Monday, March 30, 2009

Preparing Your Database For SQL Server

Following on from my blog earlier on the month on learning about SQL Server, I have written an article discusses things you can tackle before upsizing your tables to SQLServer. I do this because once you are in an environment where you have Access as a front-end and a SQL Server back-end, things are going to get more complicated. Another good thing about this article is that it will probably improve your database model and reduce the size of your database at the same time.

http://www.vb123.com.au/toolbox/09_access/upsizingtosqlserver.htm

Silver Stocks and Stuff

I know it has nothing to do with Access programming but I have launched a very low key blog to help Aussies find out more about investing in silver on the stock market. I only did this because unlike gold, silver investing is not something people get into in Australia and I just couldnt find many good places to start.

http://ozsilverlining.blogspot.com/

And you say why bother with silver at all? Because it tracks in the gold price and when gold price spikes, silver generally goes up more. But if gold goes down, the maths are quite simple :(

Sunday, March 29, 2009

Using the Currency field data type internationally

Today I was reminded of the age old problem of the Currency field datatype in Access not reflecting the current users regional formatting settings as set in the Operating System.

The problem is that by default, Access stores the format as specified on the developers machine and does not change the formatting if an end user has a different currency format set in their regional settings.

Some would see this as expected behaviour. Some would see this as a flaw.

If you consider this is a flaw, fortunately there is a simple fix. Please note: The solution discussed in this article only works for tables, queries and _bound_ form/report controls

Wayne Phillips
http://www.everythingaccess.com

Tuesday, March 17, 2009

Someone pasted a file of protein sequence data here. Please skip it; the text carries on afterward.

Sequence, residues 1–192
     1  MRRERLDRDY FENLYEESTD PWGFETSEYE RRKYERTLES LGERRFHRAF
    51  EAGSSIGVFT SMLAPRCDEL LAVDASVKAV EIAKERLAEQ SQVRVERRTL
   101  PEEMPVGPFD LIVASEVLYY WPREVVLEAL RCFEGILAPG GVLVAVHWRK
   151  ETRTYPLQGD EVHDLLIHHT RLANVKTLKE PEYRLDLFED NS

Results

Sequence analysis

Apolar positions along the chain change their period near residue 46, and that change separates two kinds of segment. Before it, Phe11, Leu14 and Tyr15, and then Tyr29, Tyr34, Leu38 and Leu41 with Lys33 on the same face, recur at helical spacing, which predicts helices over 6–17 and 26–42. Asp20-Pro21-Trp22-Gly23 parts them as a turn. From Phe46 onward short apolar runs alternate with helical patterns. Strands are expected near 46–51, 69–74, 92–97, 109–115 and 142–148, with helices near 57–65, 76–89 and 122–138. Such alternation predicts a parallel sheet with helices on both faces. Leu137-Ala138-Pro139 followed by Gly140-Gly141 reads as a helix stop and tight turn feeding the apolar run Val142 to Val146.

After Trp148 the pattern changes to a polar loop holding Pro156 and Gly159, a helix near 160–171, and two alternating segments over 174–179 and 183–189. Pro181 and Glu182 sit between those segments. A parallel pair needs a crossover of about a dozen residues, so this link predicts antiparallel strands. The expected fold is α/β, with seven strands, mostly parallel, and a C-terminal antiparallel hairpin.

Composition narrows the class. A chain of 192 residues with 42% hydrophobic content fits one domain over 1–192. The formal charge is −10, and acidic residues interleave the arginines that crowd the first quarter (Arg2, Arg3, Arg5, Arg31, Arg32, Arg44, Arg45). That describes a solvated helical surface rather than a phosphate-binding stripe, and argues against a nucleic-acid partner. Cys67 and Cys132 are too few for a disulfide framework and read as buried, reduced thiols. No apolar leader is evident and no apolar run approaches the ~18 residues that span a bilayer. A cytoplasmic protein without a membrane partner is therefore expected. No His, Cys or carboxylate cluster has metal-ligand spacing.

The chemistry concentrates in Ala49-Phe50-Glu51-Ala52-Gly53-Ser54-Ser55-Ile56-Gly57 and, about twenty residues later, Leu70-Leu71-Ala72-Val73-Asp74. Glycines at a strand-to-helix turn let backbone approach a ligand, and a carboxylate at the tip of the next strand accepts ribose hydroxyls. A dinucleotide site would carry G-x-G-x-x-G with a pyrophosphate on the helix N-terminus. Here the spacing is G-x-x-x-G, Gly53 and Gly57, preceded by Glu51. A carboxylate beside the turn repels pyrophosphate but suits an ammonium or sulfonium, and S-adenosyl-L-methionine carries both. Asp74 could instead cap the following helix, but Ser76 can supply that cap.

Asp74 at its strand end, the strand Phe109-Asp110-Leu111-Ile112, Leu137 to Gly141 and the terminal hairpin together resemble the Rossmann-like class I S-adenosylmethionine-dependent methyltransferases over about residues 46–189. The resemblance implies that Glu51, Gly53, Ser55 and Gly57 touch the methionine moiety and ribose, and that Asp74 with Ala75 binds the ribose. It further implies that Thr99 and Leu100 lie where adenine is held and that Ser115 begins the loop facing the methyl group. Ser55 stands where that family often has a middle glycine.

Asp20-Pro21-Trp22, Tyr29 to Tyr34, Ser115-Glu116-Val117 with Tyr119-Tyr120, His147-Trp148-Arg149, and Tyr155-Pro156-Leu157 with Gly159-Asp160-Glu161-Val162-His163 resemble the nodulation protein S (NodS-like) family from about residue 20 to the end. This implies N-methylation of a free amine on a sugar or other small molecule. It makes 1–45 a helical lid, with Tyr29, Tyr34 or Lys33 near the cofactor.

Get ready for the Economic Upturn


If you are in the unfortunate position of not having much paid work on in this global economic downturn, now is the time to upgrade your skills because if you are a skilled developer who can help people solve business problems, positive times will not be far away. So as it is likely that you are an Access practitioner, I suggest that the best way to improve your skills is to push into areas where Access provides a stepping stone. To me SQL Server is one of those areas and here is what you have to do.



  1. Identify the database that you most proud off and convert it to run with a SQL Server backend.

  2. Do not stop when things get hard, solve all the problems.

  3. It would be best if you then started using that database in your day to day work

  4. When that works, start converting the Access queries to Views, Pass Thru Queries and Stored Procedures

One thing you shouldn't do though is become 100% immersed in your unpaid projects because its always better to write software that people need. For this you will need to make sure that you attend conferences, participate in online forums and contact all the people that can help you get back into the thick of things. Good luck to you in your endeavours.




Garry Robinson from Sydney, Australia

Brooks Writes: What are the choices for moving forms from Access to SS2005? Is there a form designer built in? If so, what is it called? Or do you need to use VB.NET in Visual Studio to do forms?

Garry: For forms you will need a .NET application and for reports SQL Reporting services are one choice. Initially though concern yourself only with getting your application to work with Linked SQL Server tables. Then move your queries to the backend then you will be in a position to worry about .Net forms etc. We sell a .NET convertor here

Sunday, March 15, 2009

Jet MDB security - under the hood

Due to recent discussions in the microsoft.public.access.security newsgroup, it has become apparent that some people do not properly understand how Jet implements the various levels of security features that it offers.

Here I intend to explain everything in a clearer format. I won't be discussing Access-specific security features here (such as MDE file protection) - nor will I be providing the actual significant implementation details of the security methods offered – I will simply explain in brief form how each method works, ‘under the hood’.

JET MDB DATABASE FORMAT
ACE ACCDB DATABASE FORMAT

Wayne Phillips
EverythingAccess.com

PS. Garry has a book on Access protection and security